Body armor and police products manufacturer Safariland honored four law enforcement officers today at the SHOT Show in Las Vegas by inducting them into the company's Saves Club.
Handing the officers plaques and challenge coins honoring their courage and service, Safariland Saves Club Liaison Ed Hinchey said membership in the club was "extremely exclusive." Safariland inducts officers into the Saves Club only after a Safariland body armor product protects them from death or serious injury.
To date 1763 officers have joined the Saves Club, which includes officers saved by Second Chance vests. Second Chance body armor was purchased by Safariland parent company Armor Holdings in 2005. Armor Holdings was subsequently acquired by BAE Systems.
Hinchey used today's press conference to introduce the first member of the Safariland Saves Club, Officer Richard Sheehan of the Colorado Springs Police Department, who was officially inducted into the Club today.
Sheehan, now retired, was on patrol in 1976 when he surprised some men breaking into a warehouse. The men fled. Sheehan called for backup and searched for them. During the search, one of the men shot Sheehan twice in the back with a .22 rifle. Sheehan was protected by his Safariland brand vest.
Sheehan was 30 years old when he was shot. During the presentation, he spoke of all the things in his life that he would have missed if he hadn't been wearing armor. "I really thank the people who made that Safariland vest," Sheehan said. "I know to them it was just a job, but I'm here to say they did a hell of a job."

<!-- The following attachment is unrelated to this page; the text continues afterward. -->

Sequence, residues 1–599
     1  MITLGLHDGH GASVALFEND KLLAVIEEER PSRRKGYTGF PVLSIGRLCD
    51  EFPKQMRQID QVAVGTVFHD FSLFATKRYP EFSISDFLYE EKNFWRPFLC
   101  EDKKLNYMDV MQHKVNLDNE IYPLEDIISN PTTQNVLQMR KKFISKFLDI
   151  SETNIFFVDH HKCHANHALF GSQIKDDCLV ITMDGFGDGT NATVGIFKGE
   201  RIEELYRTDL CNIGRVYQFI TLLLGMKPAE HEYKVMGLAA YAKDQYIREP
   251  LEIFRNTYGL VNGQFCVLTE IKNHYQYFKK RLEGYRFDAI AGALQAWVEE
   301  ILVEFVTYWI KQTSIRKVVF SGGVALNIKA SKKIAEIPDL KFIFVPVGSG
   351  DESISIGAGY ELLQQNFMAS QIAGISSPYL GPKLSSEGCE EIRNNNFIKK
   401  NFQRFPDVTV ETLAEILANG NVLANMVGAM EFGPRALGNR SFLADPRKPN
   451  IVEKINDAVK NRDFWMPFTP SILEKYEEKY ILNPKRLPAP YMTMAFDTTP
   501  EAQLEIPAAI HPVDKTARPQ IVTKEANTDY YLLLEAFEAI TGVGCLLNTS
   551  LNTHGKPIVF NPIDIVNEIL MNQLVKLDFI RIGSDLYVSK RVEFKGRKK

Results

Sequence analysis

Officer Britt Sweeney of the Seattle Police Department was only 30 days on the street when she and her training officer were ambushed on Halloween night 2009 by a man who drove up next to them and opened fire with a rifle. The training officer was struck by a .223-caliber bullet and killed. Sweeney was grazed twice by the fusilade, across the top of her head and across her spine. Despite the shock and trauma of the attack, she rolled out of the squad car to return fire as the gunman drove away.
Seattle officers say the bullet holes in the suspect's car from Sweeney's shots helped them solve the case. They also say she showed "remarkable composure" during the incident.
Sweeney returned to patrol in January 2010. She credits the training she received in the academy with helping her perform so well under fire. "I owe so much to the Washington State Training Commission," she says.
Officer Al Fong of the Saginaw (Mich.) Police Department was a member of a SWAT entry team when the suspect opened fire. Fong was struck in the left pelvis and in the chest. Neither round penetrated his Protech (Safariland) tactical vest.
While working an agency-sanctioned security job, Reston was shot during a point-blank engagement with a shoplifting suspect. Reston was wounded but his life was saved by his Safariland armor. He killed the suspect.
For his actions under fire, Reston was awarded with the U.S. Public Safety Officer Medal of Valor, one of the highest honors that can be bestowed upon an American law enforcement officer.
Reston is still on the job with the Jacksonville County SO. Last year he was involved in another deadly battle with a multiple murder suspect. Discussing that incident, he said, "I knew I was good to go because I was wearing Safariland."
Closing the presentation, Safariland's Hinchey said, "The stories of officers saved by our body armor are what drives everybody at Safariland to do our very best."